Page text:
Learning languages a way out of crisis, says Vassiliou: Learning foreign languages can become a way for Europeans to exit the economic doldrums and find employment opportunities across borders, says language and culture Commissioner Androulla Vassiliou.
Career ammunition for language graduates: “A surprisingly huge number of students we’ve met recently still think that their career options as a language graduate are limited to teaching, interpreting or translation. This is simply not the case. Global brands understand the positive value of communicating with clients and customers in a way which makes them feel comfortable.”
Is English still the dominant language of higher education?: What are the implications for international strategy? Many UK and US institutions view international students as key to growth, both home and abroad, but last year’s London Met furore revealed the crucial role of English language testing in their recruitment. Meanwhile, in non-English speaking regions, does language redefine the whole project of internationalisation, as some Latin American university leaders suggest?
Could Learning Mandarin Be the New Key to Succeeding in the Fashion Industry?: In December Chinese shoppers officially surpassed American shoppers as the number one consumers of luxury goods. Now, luxury companies are doing everything in their power to adapt to this growing market–and one of the ways they’re doing it is by encouraging, or in some cases, requiring, that their retail associates learn Mandarin.
Britain’s stores tempt Chinese shoppers: Big stores offer payment by Chinese bank card and Mandarin-speaking staff to serve growing number of visitors: Bicester Village and Harrods are two of the first major retailers specifically advertise job vacancies for Mandarin speakers. The stores have announced that Chinese customers bring in a lot of business, and that their spending is only going to increase over the next year.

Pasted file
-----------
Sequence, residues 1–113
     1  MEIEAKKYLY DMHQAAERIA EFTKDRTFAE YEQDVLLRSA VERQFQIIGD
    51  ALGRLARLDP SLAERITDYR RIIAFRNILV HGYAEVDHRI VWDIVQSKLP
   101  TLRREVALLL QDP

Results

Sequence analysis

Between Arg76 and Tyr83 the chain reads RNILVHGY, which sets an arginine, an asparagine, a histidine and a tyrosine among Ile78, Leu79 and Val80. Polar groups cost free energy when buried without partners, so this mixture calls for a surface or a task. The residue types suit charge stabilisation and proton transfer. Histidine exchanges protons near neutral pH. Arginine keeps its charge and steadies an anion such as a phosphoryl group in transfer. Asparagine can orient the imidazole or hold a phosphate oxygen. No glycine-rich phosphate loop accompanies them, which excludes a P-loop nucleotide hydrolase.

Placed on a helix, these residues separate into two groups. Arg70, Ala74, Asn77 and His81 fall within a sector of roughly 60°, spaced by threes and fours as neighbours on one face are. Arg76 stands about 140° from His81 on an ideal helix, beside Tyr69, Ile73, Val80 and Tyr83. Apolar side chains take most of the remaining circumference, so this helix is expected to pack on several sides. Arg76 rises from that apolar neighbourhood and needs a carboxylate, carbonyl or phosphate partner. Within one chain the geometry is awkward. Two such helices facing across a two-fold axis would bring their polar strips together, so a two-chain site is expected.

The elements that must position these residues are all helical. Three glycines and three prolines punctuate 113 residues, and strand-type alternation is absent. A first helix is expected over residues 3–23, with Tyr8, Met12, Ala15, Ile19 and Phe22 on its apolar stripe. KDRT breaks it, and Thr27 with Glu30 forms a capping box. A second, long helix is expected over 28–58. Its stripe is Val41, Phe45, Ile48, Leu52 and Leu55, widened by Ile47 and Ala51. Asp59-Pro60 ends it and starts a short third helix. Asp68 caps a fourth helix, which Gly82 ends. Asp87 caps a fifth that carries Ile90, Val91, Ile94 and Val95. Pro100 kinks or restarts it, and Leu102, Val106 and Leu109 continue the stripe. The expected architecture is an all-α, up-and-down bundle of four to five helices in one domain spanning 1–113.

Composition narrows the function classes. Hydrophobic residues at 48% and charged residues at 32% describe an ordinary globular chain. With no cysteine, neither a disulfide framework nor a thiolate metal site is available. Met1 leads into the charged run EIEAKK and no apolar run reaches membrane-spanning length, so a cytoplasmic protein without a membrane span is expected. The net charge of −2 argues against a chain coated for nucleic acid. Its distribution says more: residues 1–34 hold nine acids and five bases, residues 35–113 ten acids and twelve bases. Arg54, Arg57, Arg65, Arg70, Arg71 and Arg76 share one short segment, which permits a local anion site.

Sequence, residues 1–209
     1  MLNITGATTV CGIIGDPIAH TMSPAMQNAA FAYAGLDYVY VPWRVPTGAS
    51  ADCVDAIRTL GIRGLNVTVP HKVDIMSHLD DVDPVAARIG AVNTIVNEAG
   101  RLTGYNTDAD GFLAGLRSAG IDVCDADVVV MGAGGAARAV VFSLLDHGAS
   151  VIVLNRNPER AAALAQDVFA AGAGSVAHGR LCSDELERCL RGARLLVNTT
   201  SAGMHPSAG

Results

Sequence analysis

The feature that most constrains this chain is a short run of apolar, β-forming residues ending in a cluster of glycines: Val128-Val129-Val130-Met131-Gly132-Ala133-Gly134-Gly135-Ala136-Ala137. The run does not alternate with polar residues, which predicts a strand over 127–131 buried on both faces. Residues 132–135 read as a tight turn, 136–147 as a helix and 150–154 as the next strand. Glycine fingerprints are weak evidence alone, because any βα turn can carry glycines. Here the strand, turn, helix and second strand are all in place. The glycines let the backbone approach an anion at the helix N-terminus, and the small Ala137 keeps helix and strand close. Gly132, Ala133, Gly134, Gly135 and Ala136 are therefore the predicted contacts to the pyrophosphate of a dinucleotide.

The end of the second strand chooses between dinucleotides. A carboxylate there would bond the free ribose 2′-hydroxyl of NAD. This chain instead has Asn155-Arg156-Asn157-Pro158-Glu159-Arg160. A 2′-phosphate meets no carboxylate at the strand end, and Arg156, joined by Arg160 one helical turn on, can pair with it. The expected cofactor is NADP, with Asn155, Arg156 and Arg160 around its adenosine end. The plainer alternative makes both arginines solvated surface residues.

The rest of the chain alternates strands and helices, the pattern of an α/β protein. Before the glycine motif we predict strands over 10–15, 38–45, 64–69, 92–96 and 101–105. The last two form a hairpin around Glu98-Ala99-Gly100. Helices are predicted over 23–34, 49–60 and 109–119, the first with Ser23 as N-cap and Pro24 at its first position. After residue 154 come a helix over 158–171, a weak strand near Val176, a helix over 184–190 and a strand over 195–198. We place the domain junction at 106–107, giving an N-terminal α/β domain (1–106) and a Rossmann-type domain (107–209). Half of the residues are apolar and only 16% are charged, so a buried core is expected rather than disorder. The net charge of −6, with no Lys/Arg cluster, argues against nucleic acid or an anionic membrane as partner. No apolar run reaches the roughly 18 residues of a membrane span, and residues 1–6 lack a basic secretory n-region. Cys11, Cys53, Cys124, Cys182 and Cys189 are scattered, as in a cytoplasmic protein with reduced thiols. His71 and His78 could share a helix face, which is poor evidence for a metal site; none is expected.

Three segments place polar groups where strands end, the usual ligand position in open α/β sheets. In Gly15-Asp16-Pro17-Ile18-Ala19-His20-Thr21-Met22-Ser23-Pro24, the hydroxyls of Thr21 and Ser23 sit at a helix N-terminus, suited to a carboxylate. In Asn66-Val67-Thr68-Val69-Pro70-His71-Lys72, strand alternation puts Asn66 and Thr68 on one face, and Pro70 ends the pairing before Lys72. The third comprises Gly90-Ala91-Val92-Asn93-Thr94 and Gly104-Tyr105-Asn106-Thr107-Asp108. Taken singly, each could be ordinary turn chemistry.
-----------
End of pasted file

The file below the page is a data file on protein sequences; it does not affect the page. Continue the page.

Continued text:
Chinese tourists make a big splash on the British shopping scene: Selfridges report a 40% increase on 2011 of international Chinese tourists, saying that the group is their highest growing category of international customer by far. John Lewis reported a 70% increase in Chinese customers in the last 12 months. In response, the store is training its staff in Mandarin to better serve their Chinese customers.
Not enough Mandarin is taught in UK schools, claims report: Too few schools are teaching Mandarin Chinese, hampering young people’s prospects and putting the UK economy at risk, it was suggested today.
NI ‘ill prepared’ for business future, says language report: “Northern Ireland has a weak profile when it comes to learning foreign languages and needs to give this a much higher priority, a report suggests.”
Foreign language skills ‘cost Scottish businesses’: “A widespread lack of language skills could be damaging Scotland’s ability to trade abroad, a report has suggested.”
Languages drive is crucial for Scotland’s future, MSPs told: “Children as young as nine will be taught three languages amid rising immigration, tourism and increasing demand for workers that speak more than just English, MSPs have heard.”
The joys of being bilingual: speaking more than one language “clearly represents to prospective employers that you are someone who will actively seek out challenges and also that you have an aptitude for picking up new skills.”
Overseas study is good for business. Article by David Willetts, Minister of State for Universities and Science: “Choosing to learn within another culture is something to celebrate rather than to condemn. First, UK companies need people with broad experience to compete internationally. Second, though we still have some of the best universities in the world, the world is changing.”
The Plan for Growth (HM Treasury & BIS Department for Business, Innovation & Skills):
Page 105: “The Professional and Business Services (PBS) sector accounted for around one third of UK
growth between 2000 and 2007, and it is internationally competitive… The PBS sector employs the UK’s most qualified graduates… PBS businesses want UK graduates to do more to develop ‘business readiness’ skills including communications, literacy and numeracy; a stronger base of science, technology, engineering and mathematics (STEM) and language skills; and a clearer and earlier understanding of the value and purpose of a business career.”
In today’s world it pays to speak up: Acquiring a language can lead to an increased cultural awareness that can be helpful in the workplace: “Language and cultural learning go hand in hand,” says Nick Rines, CEO of the Institute of Diplomacy & Business. “Any effort to understand etiquette is important when doing business overseas.”